Written by Yamini Kalyanaraman
My doctoral research relates to developing a training course for nurses in Abortion Counselling. In order to expand on my legal insight into this topic, I am currently participating in an online course held by Stellenbosch University called Abortion: Law and Ethics. So for this month’s blog, my focus will be on this material, what I have learnt thus far, and some insights into my work as a practicing psychologist.
To get an idea of the course, it is helpful to keep in mind that it was developed by lecturers from three diverse backgrounds:
- Malebo Malope, who is a genetic counsellor and a lecturer in clinical training of Medical Genetics and Genetic Counselling at Stellenbosch University.
- Anita Kleinsmidt, who is an attorney who practised medical law in Johannesburg and has lectured medical ethics at Wits and Stellenbosch universities.
- And lastly, Associate Professor Michael Urban, a paediatrician who is currently the head of the Clinical Unit of Medical Genetics and Genetic Counselling at Stellenbosch University.
The course runs over 8 weeks and covers topics from Culture, Law and Religion in Termination of Pregnancy (TOP), to Conscientious Objection, Litigation, and Communication in the TOP setting. Each lesson has a lecture video, a resource list, and a quiz (where one needs to get 70% to pass). Each week relates to one aspect of abortion and the information provided is in-depth and contextualised to South Africa.
Setting the stage, in the introductory lesson Prof. Urban questioned whether certain statements surrounding abortion are true or stereotype:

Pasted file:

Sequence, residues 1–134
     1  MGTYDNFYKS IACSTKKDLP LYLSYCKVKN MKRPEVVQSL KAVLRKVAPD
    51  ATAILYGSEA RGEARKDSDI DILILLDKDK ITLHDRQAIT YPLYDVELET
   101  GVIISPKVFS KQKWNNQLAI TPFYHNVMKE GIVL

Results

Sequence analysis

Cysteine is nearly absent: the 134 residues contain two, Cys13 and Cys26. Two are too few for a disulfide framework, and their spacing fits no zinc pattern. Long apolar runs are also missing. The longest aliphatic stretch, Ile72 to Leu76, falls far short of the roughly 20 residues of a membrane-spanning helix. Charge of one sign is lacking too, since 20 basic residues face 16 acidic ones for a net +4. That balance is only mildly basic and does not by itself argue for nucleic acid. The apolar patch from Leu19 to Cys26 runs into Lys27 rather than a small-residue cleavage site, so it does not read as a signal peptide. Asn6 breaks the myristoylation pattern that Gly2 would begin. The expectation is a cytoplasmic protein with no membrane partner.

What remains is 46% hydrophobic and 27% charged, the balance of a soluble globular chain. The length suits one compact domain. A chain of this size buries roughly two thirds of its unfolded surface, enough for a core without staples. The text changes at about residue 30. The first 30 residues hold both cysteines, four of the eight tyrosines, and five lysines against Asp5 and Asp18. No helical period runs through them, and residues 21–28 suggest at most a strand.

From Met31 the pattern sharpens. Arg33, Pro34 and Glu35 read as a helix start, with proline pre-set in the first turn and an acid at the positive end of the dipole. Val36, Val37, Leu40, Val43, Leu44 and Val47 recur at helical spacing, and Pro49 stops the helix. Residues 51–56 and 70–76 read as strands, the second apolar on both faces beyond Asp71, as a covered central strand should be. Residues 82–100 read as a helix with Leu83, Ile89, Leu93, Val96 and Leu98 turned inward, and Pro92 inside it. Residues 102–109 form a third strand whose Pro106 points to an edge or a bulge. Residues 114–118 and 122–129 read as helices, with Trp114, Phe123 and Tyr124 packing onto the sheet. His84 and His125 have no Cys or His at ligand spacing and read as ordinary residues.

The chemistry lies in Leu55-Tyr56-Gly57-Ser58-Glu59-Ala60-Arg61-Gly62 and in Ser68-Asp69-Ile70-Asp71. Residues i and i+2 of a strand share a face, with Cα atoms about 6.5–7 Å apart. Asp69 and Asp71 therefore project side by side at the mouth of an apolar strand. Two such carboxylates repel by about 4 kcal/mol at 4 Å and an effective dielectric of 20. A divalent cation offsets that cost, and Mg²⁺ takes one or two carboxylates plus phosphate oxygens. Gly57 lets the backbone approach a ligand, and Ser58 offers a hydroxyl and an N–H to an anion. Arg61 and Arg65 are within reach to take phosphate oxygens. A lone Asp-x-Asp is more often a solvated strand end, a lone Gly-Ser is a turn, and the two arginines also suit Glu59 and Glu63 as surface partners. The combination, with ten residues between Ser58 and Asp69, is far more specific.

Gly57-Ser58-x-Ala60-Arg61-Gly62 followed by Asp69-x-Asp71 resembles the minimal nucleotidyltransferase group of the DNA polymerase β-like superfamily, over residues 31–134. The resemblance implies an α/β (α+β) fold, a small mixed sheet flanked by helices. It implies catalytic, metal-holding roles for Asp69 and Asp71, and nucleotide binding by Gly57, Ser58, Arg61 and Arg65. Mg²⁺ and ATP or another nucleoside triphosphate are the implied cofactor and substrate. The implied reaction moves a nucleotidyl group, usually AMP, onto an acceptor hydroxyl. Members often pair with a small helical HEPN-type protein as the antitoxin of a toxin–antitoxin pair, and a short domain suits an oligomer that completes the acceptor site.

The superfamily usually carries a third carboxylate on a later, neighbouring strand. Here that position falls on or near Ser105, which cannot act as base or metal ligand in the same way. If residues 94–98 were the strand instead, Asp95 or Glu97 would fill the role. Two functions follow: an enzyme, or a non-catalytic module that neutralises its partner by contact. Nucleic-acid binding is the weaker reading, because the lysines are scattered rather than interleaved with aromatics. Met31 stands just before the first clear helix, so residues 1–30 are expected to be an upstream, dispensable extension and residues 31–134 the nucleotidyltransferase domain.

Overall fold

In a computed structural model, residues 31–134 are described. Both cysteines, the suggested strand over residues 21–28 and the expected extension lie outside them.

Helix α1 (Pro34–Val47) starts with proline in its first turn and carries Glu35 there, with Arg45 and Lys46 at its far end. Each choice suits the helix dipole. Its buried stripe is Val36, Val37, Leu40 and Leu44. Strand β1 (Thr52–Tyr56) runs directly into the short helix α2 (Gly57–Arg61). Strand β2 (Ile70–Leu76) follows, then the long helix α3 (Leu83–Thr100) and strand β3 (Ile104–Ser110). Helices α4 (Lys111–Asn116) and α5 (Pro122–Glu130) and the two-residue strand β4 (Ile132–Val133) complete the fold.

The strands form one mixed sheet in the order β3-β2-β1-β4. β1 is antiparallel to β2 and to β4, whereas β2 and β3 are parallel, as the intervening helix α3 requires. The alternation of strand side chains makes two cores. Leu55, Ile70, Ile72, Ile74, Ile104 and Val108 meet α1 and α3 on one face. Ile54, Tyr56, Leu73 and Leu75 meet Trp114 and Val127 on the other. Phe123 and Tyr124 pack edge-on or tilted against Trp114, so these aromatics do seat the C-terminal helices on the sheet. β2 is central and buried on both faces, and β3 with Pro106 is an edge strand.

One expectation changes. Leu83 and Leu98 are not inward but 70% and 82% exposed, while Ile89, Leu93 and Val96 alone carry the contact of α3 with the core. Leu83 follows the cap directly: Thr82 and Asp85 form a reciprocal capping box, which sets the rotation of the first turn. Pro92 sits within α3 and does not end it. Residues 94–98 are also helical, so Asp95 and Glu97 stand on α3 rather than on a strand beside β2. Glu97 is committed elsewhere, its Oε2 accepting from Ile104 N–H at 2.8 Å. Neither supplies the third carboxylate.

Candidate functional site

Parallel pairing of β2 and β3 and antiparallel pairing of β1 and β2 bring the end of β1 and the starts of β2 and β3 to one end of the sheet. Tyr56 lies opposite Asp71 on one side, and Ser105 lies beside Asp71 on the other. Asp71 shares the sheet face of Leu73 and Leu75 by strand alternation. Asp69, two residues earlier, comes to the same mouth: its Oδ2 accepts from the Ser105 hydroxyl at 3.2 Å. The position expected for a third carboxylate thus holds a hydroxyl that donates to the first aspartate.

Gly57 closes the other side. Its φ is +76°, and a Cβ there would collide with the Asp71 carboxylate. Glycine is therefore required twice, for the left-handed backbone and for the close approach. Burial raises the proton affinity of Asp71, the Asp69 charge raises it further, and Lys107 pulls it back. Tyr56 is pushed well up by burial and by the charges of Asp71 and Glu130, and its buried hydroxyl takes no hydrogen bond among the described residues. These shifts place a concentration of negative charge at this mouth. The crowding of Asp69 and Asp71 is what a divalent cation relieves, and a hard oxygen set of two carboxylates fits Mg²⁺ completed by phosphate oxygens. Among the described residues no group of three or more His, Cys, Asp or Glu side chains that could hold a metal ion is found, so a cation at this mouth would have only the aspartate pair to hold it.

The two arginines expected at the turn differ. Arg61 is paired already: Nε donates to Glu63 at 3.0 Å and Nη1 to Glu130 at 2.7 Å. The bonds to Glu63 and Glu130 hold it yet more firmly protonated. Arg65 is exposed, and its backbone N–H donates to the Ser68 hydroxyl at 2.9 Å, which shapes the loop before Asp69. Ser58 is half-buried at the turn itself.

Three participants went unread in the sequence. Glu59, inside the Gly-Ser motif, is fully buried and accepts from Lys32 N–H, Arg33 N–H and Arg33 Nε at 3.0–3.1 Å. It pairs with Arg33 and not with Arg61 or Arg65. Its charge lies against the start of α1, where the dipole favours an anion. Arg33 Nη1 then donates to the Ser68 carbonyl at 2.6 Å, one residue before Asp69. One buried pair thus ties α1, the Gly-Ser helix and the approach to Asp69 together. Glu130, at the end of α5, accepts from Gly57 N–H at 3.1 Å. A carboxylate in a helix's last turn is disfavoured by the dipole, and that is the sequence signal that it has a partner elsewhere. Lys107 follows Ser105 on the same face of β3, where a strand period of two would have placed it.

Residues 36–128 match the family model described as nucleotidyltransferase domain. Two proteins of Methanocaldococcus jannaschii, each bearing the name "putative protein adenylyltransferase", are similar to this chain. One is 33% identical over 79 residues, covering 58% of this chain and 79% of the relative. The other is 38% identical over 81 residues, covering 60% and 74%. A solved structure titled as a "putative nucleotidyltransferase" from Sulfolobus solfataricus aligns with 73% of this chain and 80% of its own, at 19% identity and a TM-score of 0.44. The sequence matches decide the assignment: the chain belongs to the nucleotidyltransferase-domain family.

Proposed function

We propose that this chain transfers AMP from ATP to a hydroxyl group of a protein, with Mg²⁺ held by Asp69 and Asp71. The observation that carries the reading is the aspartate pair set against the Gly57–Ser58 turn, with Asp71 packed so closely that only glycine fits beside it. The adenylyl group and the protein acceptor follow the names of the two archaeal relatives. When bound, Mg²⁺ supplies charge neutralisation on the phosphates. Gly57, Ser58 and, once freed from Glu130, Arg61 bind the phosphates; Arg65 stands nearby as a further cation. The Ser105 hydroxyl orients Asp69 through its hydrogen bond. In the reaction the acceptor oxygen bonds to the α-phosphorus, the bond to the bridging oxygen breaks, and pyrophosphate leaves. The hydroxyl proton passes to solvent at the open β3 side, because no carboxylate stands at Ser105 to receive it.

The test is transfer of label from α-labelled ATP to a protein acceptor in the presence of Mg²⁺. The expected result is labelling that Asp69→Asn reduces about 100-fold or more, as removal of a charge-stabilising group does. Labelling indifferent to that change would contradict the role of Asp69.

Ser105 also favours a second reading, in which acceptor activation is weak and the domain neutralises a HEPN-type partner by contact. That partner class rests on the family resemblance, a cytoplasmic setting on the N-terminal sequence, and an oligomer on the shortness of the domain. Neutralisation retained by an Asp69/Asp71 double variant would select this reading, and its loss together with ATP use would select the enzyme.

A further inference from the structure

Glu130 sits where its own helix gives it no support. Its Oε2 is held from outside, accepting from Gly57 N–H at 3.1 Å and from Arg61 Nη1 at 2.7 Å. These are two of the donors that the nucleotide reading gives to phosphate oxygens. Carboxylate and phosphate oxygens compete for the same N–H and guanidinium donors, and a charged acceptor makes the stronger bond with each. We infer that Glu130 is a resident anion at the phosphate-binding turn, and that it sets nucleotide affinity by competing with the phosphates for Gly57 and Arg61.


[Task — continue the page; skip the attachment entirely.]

Following this discussion, he continued by highlighting that the answers are not always simple.
- Unwanted pregnancies happen for complex reasons.
- Only a small minority of women use abortion as birth control.
- Abortion is safe if done in a safe manner but dangerous if done unsafely.
- Whether it is psychologically harmful probably depends on the situation. Emotional and mental health issues after abortion have been investigated (with several variations between studies) which, in part, relates to the context. For example, whether it was an illegal or unsafe abortion, to what extent stigmatising behaviour occurred, and also whether the pregnancy was unwanted.
- It is simplistic to suggest that adoption is an alternative to abortion.
- Criminalising abortion will not prevent it.
- Pro-choice just means pro-choice.
While my research has made me aware of the complexity surrounding the topic of abortion and the stigmatised environment in which healthcare providers offer the service, the first three weeks into the course have been eye-opening nonetheless, shedding light on the wider context and history of abortions – such as the earliest recorded abortion being in Africa (specifically Ancient Egypt).
For example, in the second lecture of the course, I was reminded of how the South African Constitution is the basis for the Choice on Termination of Pregnancy Act, 1996. Section 10 in the CTOP Act states that: